William Glasser’s Choice Theory states that all human behavior is driven by the desire to satisfy five basic human needs:
- the need to be loved and accepted
- the need to be powerful
- the need to be free
- the need to have fun
- the need to survive
When I studied Glasser’s work early in my teaching career and later as a teacher trainer and teacher coach I connected strongly with the concept of creating a classroom environment where students felt safe and had a sense of belonging. By creating safety and belonging, I could anticipate student compliance. If I wanted to reach greater quality in student learning outcomes, I had to focus on generating an environment of power, freedom, and fun.
Education is the process in which we discover that learning adds quality to our lives. Learning must be experienced.
As I worked with several schools engaged in improvement plans for impacting student learning, I recognized that we needed to build the same elements of survival, belonging, power, freedom, and fun into teachers’ experiences. If you sign on to be a mentor for a new teacher, consider how your actions can address these elements to lead to an empowered teacher finding a quality environment for herself as well as her students.
Survival is a critical issue for the beginning teacher:
When do you have to show up to get something done on the copier?
How do you get a break for the bathroom?
What paperwork needs to be done by when in order to stay out of trouble?
Mentoring should extend from survival needs being met to building a sense of belonging for the new teacher within the school. How can your mentoring speed the process of the new teacher’s collaboration with staff across the school? Mentoring should assist the new teacher in finding power, freedom, and fun within the profession they’ve chosen.
Look for power, freedom, and fun by identifying where the beginning teacher finds his or her motivation to teach.
For most teachers, the motivation to teach isn’t found in the standards that students need to meet. Teachers have a passion for something that they want their students to gain from working with them. They have an outcome. They have an attitude. They have a belief system that they want their students to develop.
Often the job of the mentor is to assist the beginning teacher in understanding how they meet the standards and achieve the important issues that are motivating them as a teacher. The standards suggest to the public that it doesn’t matter what teacher your child gets because the standards are going to be met in every classroom. The standards are going to be met regardless of which of the two biology teachers you have.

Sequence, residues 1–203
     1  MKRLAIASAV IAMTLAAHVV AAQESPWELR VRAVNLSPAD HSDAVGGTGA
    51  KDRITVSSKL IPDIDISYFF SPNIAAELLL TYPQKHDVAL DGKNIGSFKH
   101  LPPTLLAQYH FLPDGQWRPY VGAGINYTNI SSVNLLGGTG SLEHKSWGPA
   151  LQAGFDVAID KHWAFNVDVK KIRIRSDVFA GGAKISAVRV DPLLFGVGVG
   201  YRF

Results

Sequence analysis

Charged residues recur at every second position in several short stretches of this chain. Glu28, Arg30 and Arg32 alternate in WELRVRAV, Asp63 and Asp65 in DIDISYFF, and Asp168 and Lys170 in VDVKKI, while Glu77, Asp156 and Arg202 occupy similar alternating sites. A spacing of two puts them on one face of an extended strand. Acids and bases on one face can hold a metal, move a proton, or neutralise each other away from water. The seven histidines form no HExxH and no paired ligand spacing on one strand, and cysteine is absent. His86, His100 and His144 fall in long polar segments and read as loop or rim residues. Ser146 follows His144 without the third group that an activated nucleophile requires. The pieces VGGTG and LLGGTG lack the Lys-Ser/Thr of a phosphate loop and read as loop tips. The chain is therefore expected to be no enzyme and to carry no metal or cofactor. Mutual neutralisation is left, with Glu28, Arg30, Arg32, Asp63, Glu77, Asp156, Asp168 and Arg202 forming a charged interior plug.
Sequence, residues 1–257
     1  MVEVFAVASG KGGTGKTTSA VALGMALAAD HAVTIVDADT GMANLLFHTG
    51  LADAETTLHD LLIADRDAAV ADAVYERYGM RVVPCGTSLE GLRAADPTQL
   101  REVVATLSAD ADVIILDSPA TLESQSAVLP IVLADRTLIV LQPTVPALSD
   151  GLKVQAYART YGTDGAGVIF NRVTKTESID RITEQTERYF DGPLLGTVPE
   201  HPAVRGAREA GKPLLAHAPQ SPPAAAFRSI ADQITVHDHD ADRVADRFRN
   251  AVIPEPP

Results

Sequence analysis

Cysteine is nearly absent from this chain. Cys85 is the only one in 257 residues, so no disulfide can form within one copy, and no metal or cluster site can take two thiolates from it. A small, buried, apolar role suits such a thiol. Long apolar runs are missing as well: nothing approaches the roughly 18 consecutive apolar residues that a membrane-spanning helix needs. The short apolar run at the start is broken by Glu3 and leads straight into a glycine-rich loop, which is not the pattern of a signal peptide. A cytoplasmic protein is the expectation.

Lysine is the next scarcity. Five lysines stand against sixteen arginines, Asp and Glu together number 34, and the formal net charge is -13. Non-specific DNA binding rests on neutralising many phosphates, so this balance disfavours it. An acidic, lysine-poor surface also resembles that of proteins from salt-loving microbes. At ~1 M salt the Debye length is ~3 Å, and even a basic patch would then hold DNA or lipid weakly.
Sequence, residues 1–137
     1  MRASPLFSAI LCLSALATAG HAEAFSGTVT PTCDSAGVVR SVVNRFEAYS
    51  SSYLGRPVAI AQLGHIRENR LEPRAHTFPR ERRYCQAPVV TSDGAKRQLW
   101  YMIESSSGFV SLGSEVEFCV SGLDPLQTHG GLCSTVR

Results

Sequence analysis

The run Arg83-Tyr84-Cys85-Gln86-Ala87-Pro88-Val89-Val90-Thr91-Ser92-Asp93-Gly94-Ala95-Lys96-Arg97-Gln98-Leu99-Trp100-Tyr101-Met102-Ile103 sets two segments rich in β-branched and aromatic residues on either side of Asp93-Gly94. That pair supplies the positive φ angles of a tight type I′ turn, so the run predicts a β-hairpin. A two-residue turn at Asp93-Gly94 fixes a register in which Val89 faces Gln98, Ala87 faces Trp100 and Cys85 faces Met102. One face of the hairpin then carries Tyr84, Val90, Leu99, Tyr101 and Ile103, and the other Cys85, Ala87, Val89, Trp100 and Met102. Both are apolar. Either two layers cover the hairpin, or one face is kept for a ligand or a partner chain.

The person dedicated to being a teacher knows that a student taking a class from me, spending a year with me, is going to leave with something special. I’m afraid the pressure that beginning teachers are often under from a curriculum standard, test-driven system can drive power, freedom, and fun away from the beginning teacher.
Mentors can begin by sharing their own personal passions and beliefs about teaching and how they manage to deal with meeting the standards while achieving those additional elements that generate a sense of power, freedom, and fun. These are often found in how they teach, or in the classroom environment they generate. I suggest that meeting the standards is in effect the cost of being a teacher. If I generate learning that has students master the standards, I have the opportunity to develop the passion, beliefs, and attitudes that drive me to be a teacher.
Mentors should model coachability.
It’s important for the beginning teacher to discover that making him or herself vulnerable to input from colleagues is a career-long path to great teaching. It’s critical that the beginning teacher not see the mentor as an evaluator, not see the mentor holding some measuring stick up in front of the teacher saying when you meet these criteria, mentoring will be over. You’ll be accepted into the profession.
Mentors might start by having the beginning teacher coach the mentor. Invite the beginning teacher into the mentor’s classroom to observe and provide feedback. Model for the mentee the way she can request coaching from the mentor. Another possibility is for the mentor to invite the mentee to be an observer as the mentor is coached by an instructional coach.
Years ago, I worked with a district that was trying to decide how long a mentor program should last. Should mentoring be a one-year program, an 18-month program, or a two-year program? I love the decision that they reached. They said that mentoring was over when the beginning teacher threw open the door of the classroom and said, “You can all come in.” They realized that at that point, the teacher was now a full-fledged professional. Getting all the ongoing collegial support that they should; taking ownership of their continued growth. The job of the mentor is to build the beginning teacher’s skill level and confidence level to the point that she is open to coaching: to develop coachability.
Mentoring can be (actually, should be) an opportunity for the mentor to gain increased power, freedom, and fun as well.